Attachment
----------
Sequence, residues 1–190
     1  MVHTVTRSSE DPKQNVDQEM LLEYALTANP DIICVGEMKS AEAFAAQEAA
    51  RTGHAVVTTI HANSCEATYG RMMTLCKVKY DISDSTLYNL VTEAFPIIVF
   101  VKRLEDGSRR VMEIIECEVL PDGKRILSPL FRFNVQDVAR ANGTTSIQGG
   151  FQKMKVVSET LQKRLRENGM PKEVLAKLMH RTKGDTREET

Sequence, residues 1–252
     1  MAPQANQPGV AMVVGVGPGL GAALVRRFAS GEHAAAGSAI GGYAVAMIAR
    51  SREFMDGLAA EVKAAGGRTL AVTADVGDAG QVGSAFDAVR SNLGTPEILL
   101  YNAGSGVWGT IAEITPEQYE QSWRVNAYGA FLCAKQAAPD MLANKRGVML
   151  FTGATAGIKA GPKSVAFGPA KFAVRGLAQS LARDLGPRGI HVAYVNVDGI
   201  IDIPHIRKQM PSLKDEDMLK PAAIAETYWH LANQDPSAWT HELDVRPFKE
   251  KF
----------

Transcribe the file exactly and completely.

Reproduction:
Sequence, residues 1–190
     1  MVHTVTRSSE DPKQNVDQEM LLEYALTANP DIICVGEMKS AEAFAAQEAA
    51  RTGHAVVTTI HANSCEATYG RMMTLCKVKY DISDSTLYNL VTEAFPIIVF
   101  VKRLEDGSRR VMEIIECEVL PDGKRILSPL FRFNVQDVAR ANGTTSIQGG
   151  FQKMKVVSET LQKRLRENGM PKEVLAKLMH RTKGDTREET

Sequence, residues 1–252
     1  MAPQANQPGV AMVVGVGPGL GAALVRRFAS GEHAAAGSAI GGYAVAMIAR
    51  SREFMDGLAA EVKAAGGRTL AVTADVGDAG QVGSAFDAVR SNLGTPEILL
   101  YNAGSGVWGT IAEITPEQYE QSWRVNAYGA FLCAKQAAPD MLANKRGVML
   151  FTGATAGIKA GPKSVAFGPA KFAVRGLAQS LARDLGPRGI HVAYVNVDGI
   201  IDIPHIRKQM PSLKDEDMLK PAAIAETYWH LANQDPSAWT HELDVRPFKE
   251  KF